Iowa GOP lawmakers adopt new power-tripping mantra: ‘Because we won.’
“Because I said so,” has to be one of the most infuriating responses someone can give to a reasonable question.
Republicans in the Iowa Legislature have come up with a similar default answer to any question they can’t – or don’t want to – answer: “Because we won.”
We heard it just last week during Iowa Senate debate of legislation providing a 3% increase in per-pupil state aid to K-12 public schools. Democrats asked why the majority Republicans were hoarding nearly $2 billion in reserve funds while schools are struggling to hire teachers, keep class sizes manageable and cope with inflation.
Sen. Ken Rozenboom, R-Oskaloosa, pointed out that Iowans keep reelecting them, so why not?
“We have conservative budgeting practices, and Iowans in increasing numbers send us back to the House and to the Senate. So yes, this reflects our fiscal policies and our conservatism,” he said.
We heard it frequently during the debate over Gov. Kim Reynolds’ scheme to siphon nearly $1 billion of taxpayer dollars into private schools over the next four years.
Democrats repeatedly raised evidence of the proposal’s unpopularity with Iowans, including public opinion polls and the overwhelming opposition by Iowans who had contacted lawmakers as the bill was being debated.
Rep. John Wills, R-Spirit Lake, the bill’s floor manager, pointed to the results of the 2022 election: “If Iowans are really opposed to school choice, then why are we winning seats?”
Reynolds clearly made “school choice” a central campaign issue. She barely spoke about anything else during the campaign, except to make vague promises about continuing to cut taxes. She gave Iowans no warning that she planned to balloon the program into the most extensive in the country.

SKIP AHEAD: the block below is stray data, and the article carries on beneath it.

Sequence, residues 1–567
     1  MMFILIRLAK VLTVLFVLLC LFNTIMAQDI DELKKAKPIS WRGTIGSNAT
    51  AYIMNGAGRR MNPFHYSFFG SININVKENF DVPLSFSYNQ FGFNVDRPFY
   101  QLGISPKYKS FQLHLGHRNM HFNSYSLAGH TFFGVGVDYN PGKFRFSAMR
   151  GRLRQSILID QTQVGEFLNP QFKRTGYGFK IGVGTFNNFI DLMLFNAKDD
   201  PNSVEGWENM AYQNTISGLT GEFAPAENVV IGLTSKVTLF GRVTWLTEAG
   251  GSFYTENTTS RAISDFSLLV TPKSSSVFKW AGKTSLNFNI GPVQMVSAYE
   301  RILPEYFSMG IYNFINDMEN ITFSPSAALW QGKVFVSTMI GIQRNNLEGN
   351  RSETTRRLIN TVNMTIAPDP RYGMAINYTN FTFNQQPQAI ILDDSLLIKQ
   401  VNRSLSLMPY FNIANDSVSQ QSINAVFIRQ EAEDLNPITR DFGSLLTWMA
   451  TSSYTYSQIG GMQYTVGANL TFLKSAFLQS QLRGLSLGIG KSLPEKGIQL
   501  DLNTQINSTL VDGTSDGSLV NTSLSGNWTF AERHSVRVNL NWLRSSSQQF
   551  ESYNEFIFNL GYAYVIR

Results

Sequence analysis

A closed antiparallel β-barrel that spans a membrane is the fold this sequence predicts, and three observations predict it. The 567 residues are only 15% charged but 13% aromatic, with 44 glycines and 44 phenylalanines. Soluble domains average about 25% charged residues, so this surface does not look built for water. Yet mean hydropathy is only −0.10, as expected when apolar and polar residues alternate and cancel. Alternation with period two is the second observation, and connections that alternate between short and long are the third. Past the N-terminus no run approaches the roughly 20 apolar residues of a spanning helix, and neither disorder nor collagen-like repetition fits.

Why would she? Her original proposal, which would have affected only 10,000 lower-income students, was so unpopular that she couldn’t get it through the Republican-controlled House the past two years. She took the chilling step of backing primary challengers against a half-dozen Republican incumbents who refused to support the bill. Most of those challengers won.
Reynolds never mentioned that she wanted to hand out taxpayer dollars to even the wealthiest Iowans or that all but 1% of the students expected to benefit are already attending private schools. There’s no way Republican legislative candidates could have disclosed those details to voters – most of them had no idea until Reynolds’ bill was introduced.
And once that happened, GOP leadership gave most Iowans no time to think about the plan, let alone talk to each other or to lawmakers. The bill was introduced Jan. 18. It passed the House and Senate five days later. Reynolds signed it into law the next day, Jan. 24.
Republicans increased their majority by four seats in the Iowa House, and two in the Senate during last year’s elections. A dozen Republicans – three in the Senate and nine in the House, voted no on the private-school bill. Apparently, they didn’t think the voters in their districts – many of whom likely voted for Reynolds – did so because they supported sending their tax dollars to private schools.
Just because voters support a candidate doesn’t mean they agree with every proposal. Just ask the anti-abortion activists who were turning up their noses last week at part of Reynolds’ health care omnibus, which includes a provision for over-the-counter birth control.
Elections matter, of course. But “because we won” is not a justification for public policy. It’s certainly not an excuse for circumventing the legislative process to keep Iowans in the dark about the fine print and the bottom line. It leads to costly errors, like the one lawmakers are working to correct this year that would have cost Iowans an extra $133 million or so in property taxes.
It’s a power trip. Reynolds and the GOP majority are rushing through poorly drafted, wholly ideological bills that benefit the special-interest minority because they can. Every time they resort to “because we won” as an answer, they are admitting they don’t really know or care how the bill will affect most people in our state. Is this really what Iowans voted for?